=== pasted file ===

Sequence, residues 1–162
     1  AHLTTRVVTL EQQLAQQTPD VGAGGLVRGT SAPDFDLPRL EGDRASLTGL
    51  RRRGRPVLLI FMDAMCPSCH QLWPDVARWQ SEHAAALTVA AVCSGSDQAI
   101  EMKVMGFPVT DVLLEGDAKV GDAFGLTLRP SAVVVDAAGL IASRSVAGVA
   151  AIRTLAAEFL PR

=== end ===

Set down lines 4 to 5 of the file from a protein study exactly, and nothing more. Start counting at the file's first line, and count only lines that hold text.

   101  EMKVMGFPVT DVLLEGDAKV GDAFGLTLRP SAVVVDAAGL IASRSVAGVA
   151  AIRTLAAEFL PR